Collaboration in Civic Spheres

Risks drop from prescription opioids for WA injured workers

by Matt Rosenberg January 25th, 2012

According to a new federally-funded study by University of Washington researchers, cautionary guidelines developed by Washington state agencies on physician-prescribed painkilling opiates for patients suffering from chronic pain preliminarily appear to be correlated with important overall risk reductions among one large sub-group of patients: injured workers seeking compensation through the state’s Department of Labor and Industries. Prime among these are reductions in related deadly overdoses; drops in number of claimants who were prescribed opioids; and a steady decline in the percent of workers who were being compensated for disability while using prescribed opioids, sometimes with little improvement, for pain treatment. Because of the potential for abuse and dependence, public health experts increasingly want to foster greater oversight of prescription opiates. The “yellow flag” educational program directed at physicians may very well help explain the measured changes although more data is needed in coming years to strengthen the connections.

These are the key findings of the new study published late last month in the American Journal of Industrial Medicine by researchers at the University of Washington’s School of Medicine, the university’s departments of Environmental and Ocupational Health Sciences, and Psychiatry and Behavioral Sciences, and the Washington State Department of Labor and Industries (DLI). The study was funded by the U.S. Centers For Disease Control and the National Center For Injury Prevention and Control.

Worried about rising deaths from prescription opioids in Washington and nationally, Washington state health and medical “payer” agencies (including Medicaid, DLI’s workers comp division, and the state departments of corrections and health) convened an expert group to develop a Web-based educational pilot program launched in April 2007. It emphasized to doctors that before continuing to prescribe 120 mg per day or more of opioids to non-cancer chronic pain patients whose condition had not been improving, they should consult with a pain medicine expert about other treatments combined with lower daily doses of opioids. The program also included a Web-based tool allowing physicians to easily calculate the total daily morphine-equivalent dosages (MED) ingested by a patients from all three classes of opioids.

To evaluate possible benefits for patients of the new guidelines, researchers focused on historical data in several categories both before and after the pilot program began, among claimants for workers’ compensation through DLI, which covers two-thirds of the non-federal workforce in the state for work-related injury claims.

After lenient state prescribing guidelines were established in 1999 for prescription opioids, fatal overdoses of injured workers covered through Washington State’s workers’ compensation plan from painkillers such as morphine, oxycodone, methadone and fentanyl rose at an alarming rate through 2005, dropped slightly in 2006 and 2007, rose markedly in 2008, and then spiked again in 2009, according to data gathered for the study. But the troubling occurrences declined markedly in 2010 – for the first year since implementation of a new educational pilot program in April 2007 which warned prescribing doctors to consider lowering their prescription opioid dosages in certain cases.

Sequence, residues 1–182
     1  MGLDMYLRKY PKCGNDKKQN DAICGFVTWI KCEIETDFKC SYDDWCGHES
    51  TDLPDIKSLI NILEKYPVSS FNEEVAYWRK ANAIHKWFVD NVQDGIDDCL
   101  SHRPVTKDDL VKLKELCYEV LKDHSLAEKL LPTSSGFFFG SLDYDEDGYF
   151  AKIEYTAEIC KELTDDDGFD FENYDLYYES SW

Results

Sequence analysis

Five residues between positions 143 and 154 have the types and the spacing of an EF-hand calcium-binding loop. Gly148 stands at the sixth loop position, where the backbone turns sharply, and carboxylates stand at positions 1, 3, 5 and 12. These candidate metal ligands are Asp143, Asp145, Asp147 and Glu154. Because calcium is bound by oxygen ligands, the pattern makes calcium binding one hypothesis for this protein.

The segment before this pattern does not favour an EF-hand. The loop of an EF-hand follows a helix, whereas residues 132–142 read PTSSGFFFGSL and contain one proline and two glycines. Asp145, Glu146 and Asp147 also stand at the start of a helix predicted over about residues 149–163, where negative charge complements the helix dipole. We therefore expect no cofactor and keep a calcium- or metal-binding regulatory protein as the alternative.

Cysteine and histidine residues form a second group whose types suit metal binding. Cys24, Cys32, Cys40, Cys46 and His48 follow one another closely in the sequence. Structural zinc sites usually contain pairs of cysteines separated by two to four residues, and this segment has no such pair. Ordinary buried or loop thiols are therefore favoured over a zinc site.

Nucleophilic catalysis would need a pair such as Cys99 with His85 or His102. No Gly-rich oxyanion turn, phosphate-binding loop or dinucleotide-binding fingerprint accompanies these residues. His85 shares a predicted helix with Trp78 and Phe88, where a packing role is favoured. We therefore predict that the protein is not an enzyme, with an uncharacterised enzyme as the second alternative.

After that program roll-out, other improvements occurred even sooner, the study reports. Paid prescriptions for Schedule 2 opioids for workers’ comp claimants – which had risen sharply since 1996 – leveled off through 2008 then declined markedly over 2009 and 2010. Paid prescriptions among the same pool of claimants for Schedule 3 opioids such as codeine and hydrocodone were relatively steady from 1996 through 2008 but dropped to a 14-year low over 2009 and 2010. And beginning in the first quarter of 2008, the percentage of workers being paid disability claims by the state for lost work hours due to injury, who were also taking prescription opioids, began a steady and robust decline through year-end 2010.

The research team which authored the study emphasizes more data is needed in coming years to confirm the preliminary correlations between risk reduction and the dosing guidelines educational program. They also say there is room for improving awareness levels of Washington state doctors on safe guidelines for prescribing opioids and that this could yield greater improvements in the areas measured. They urge “wider and more effective use of State-based prescription monitoring programs…including ‘pushing’ evidence-based educational content to providers…” A new Washington state law approved by the legislature in 2010 and finalized with key specifics last year makes mandatory the 120 mg per day opioid dosage oversight provisions of the 2007 guidelines.

The authors write that “diversion” or unauthorized pilfering of prescription opioids from medical or pharmaceutical facilities, may – along with “shopping” for doctors known for liberal prescribing of opioids – account for most of the fatal prescription opioid overdoses in predominantly rural areas. But they stress it’s a different story in urban and suburban settings where dosage levels and monitoring are especially important and a raft of studies show risks of a serious adverse event or death are significantly less likely if total daily dosages of prescription opioids per patient are closer to 20 mg than 100 or 120.

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